Washington, D.C., October 19, 2007—IFC,
the Inter-American Development Bank, and the Brazilian National Development
Bank today signed an agreement to boost infrastructure investments in Brazil.
A $3.99 million private sector participation trust fund will be designed
to develop and tender infrastructure projects in the country, generally
public-private partnerships. The initiative will bring together the
technical expertise and financial support of the three institutions.
Developing infrastructure is a high priority for Brazil and an area where
more investment is needed to increase the country’s competitiveness and
improve people’s lives. Compared to other sectors, investments in infrastructure
have dropped significantly, from around 4 percent of GDP in the 1980s to
less than 1.5 percent today. Involving the private sector in infrastructure
development projects is one of the most effective approaches to bridging
The private sector participation program is expected to structure and launch
14 projects in its first four years, helping mobilize over $1 billion in
investments. Initial contributions amount to $4 million, of which IFC and
IADB are providing $1 million each and BNDES is providing $2 million. Additional
contributions of $16 million are expected.
The program was launched today at a ceremony attended by Lars Thunell,
IFC Executive Vice President and CEO; Luciano Coutinho, President of BNDES;
and Otaviano Canuto, Vice President for Countries.. An example of successful
teamwork, the program will combine IFC’s global experience in structuring
infrastructure projects for governments with BNDES’ understanding of local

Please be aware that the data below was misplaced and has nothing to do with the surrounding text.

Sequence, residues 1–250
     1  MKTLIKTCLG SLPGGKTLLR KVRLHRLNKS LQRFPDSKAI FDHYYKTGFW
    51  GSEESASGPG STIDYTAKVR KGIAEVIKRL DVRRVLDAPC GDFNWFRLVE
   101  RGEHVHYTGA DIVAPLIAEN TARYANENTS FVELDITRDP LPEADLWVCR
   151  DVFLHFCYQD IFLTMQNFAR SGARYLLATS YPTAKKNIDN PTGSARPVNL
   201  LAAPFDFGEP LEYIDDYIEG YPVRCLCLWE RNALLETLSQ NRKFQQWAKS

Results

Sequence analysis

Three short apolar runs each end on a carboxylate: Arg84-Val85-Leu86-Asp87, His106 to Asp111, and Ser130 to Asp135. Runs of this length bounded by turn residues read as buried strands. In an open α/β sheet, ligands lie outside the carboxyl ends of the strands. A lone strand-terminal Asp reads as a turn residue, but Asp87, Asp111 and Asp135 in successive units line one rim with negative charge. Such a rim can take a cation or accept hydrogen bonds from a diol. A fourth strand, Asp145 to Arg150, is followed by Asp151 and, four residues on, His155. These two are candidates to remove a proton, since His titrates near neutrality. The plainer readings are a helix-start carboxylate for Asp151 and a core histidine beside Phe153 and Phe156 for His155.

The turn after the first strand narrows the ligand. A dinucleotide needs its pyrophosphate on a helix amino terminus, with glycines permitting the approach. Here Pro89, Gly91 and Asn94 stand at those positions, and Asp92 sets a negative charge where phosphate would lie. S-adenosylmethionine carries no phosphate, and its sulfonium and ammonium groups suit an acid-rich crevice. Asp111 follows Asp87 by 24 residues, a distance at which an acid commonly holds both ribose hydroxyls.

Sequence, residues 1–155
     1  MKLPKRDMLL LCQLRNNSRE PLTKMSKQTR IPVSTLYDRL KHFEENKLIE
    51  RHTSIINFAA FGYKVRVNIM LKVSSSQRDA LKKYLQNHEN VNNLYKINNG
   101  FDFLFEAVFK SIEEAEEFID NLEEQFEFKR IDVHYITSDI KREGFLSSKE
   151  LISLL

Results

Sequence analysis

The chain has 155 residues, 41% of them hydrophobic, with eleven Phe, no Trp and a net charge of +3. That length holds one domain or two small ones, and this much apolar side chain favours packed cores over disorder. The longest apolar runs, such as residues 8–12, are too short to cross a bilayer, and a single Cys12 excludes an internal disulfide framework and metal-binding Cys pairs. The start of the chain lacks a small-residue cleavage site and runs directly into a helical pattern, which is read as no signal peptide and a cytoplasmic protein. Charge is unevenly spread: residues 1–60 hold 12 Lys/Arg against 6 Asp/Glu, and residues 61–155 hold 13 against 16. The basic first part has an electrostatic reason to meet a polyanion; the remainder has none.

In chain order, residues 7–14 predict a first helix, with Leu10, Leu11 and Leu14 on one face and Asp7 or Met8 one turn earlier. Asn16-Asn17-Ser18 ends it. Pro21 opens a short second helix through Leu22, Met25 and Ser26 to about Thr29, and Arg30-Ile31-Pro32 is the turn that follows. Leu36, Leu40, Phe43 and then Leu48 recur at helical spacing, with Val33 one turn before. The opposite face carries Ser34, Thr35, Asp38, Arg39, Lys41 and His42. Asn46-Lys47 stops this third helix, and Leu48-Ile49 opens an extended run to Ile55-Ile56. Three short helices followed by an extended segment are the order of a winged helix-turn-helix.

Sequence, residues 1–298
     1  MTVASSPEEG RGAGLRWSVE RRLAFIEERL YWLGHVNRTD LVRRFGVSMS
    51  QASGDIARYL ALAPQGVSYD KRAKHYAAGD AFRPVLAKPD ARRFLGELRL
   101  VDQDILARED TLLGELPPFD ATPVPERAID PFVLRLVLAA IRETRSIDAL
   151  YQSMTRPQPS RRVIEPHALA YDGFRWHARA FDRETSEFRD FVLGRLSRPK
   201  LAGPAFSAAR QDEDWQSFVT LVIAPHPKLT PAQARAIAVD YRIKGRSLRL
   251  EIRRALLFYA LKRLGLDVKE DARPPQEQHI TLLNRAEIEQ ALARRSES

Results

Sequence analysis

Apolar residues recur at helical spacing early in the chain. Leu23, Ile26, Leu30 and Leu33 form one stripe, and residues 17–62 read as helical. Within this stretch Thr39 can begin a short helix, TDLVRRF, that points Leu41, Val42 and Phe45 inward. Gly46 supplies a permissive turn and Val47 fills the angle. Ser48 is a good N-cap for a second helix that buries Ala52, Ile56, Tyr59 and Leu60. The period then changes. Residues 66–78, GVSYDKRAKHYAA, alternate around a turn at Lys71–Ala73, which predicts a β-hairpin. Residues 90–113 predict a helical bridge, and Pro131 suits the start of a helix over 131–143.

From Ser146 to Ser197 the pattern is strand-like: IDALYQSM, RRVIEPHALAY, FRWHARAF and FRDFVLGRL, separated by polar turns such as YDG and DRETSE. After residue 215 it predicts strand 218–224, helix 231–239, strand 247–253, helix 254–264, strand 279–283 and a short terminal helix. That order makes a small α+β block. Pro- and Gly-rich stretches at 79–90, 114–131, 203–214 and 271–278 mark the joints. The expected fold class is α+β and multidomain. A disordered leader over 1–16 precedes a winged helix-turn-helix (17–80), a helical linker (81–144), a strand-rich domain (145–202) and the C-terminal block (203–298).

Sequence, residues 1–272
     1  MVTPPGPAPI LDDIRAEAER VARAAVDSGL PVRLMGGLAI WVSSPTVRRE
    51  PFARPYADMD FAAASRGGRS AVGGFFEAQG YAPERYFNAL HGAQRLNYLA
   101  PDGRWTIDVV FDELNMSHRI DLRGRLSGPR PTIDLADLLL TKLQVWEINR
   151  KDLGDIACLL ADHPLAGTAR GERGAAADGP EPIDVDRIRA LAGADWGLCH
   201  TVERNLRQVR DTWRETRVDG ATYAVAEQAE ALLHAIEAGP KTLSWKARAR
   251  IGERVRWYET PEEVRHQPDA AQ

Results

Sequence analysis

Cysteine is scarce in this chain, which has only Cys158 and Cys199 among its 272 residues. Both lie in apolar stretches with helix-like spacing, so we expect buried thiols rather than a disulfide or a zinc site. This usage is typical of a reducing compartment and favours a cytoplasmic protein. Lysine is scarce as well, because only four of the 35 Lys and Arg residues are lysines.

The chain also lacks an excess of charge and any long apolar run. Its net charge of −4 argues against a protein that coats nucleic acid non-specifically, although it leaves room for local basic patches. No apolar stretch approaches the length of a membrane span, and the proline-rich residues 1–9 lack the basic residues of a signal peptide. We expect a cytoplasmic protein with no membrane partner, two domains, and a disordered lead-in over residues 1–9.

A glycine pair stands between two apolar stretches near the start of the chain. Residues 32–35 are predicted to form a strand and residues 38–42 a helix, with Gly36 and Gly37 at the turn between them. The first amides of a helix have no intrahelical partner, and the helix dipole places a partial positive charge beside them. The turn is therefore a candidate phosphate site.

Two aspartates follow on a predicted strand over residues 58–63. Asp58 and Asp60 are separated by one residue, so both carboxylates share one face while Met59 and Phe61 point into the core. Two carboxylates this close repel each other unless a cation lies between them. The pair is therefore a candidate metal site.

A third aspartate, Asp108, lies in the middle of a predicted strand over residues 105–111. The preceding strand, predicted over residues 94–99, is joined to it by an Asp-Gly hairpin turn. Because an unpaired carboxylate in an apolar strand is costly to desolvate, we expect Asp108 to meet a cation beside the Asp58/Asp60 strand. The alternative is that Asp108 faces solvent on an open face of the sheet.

needs and IADB’s regional knowledge.
The program is part of the LAC Infrastructure Facility, which is
supported by the U.S. Treasury. It will be managed by IFC Advisory Services.
IFC, a member of the World Bank Group, fosters sustainable economic growth
in developing countries by financing private sector investment, mobilizing
private capital in local and international financial markets, and providing
advisory and risk mitigation services to businesses and governments. IFC’s
vision is that poor people have the opportunity to escape poverty and improve
their lives. In FY07, IFC committed $8.2 billion and mobilized an additional
$3.9 billion through loan participations and structured finance for 299
investments in 69 developing countries. IFC also provided advisory services
in 97 countries. For more information, visit www.ifc.org.
BNDES is a federal public company associated with the Ministry of Development,
Industry and Foreign Trade. BNDES's mission is to promote Brazil's development
by boosting the Brazilian economy's competitiveness, prioritizing the reduction
of both social and regional inequalities, and maintaining and creating
employment opportunities. Its main activity is to provide long-term financing
for endeavors that contribute to the country's development, improving the
competitiveness of the Brazilian economy as well as the quality of life
of its population. BNDES also seeks to strengthen the capital structure
of private companies, the development of capital markets, the trading of
machines and equipment and the financing of exports.
With assets in excess of $66 billion dollars, the Inter-American Development
Bank is the oldest and largest regional development institution in the
world and the main source of multilateral financing for economic, social
and institutional development projects as well as trade and regional integration
programs in Latin America and the Caribbean. The IDB’s InfraFund, which
will provide the resources for the Brazilian PSP Program, is a project
preparation fund aimed at catalyzing critical infrastructure projects in
the region, as part of the Bank’s effort to lend $12 billion in this sector
in 2006-2010. For more information, visit www.iadb.org